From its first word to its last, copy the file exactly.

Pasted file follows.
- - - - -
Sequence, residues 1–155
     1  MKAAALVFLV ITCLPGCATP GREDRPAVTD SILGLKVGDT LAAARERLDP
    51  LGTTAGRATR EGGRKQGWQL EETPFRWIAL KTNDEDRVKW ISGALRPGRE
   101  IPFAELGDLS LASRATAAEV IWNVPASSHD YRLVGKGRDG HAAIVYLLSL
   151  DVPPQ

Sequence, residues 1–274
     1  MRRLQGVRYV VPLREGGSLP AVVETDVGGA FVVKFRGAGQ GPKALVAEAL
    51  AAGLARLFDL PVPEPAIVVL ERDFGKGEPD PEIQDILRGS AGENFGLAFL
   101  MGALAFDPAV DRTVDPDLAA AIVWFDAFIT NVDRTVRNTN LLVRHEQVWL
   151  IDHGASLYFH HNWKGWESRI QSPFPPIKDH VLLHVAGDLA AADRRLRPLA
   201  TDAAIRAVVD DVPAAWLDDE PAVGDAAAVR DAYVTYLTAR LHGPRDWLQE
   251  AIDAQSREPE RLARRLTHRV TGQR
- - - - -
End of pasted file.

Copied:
Sequence, residues 1–155
     1  MKAAALVFLV ITCLPGCATP GREDRPAVTD SILGLKVGDT LAAARERLDP
    51  LGTTAGRATR EGGRKQGWQL EETPFRWIAL KTNDEDRVKW ISGALRPGRE
   101  IPFAELGDLS LASRATAAEV IWNVPASSHD YRLVGKGRDG HAAIVYLLSL
   151  DVPPQ

Sequence, residues 1–274
     1  MRRLQGVRYV VPLREGGSLP AVVETDVGGA FVVKFRGAGQ GPKALVAEAL
    51  AAGLARLFDL PVPEPAIVVL ERDFGKGEPD PEIQDILRGS AGENFGLAFL
   101  MGALAFDPAV DRTVDPDLAA AIVWFDAFIT NVDRTVRNTN LLVRHEQVWL
   151  IDHGASLYFH HNWKGWESRI QSPFPPIKDH VLLHVAGDLA AADRRLRPLA
   201  TDAAIRAVVD DVPAAWLDDE PAVGDAAAVR DAYVTYLTAR LHGPRDWLQE
   251  AIDAQSREPE RLARRLTHRV TGQR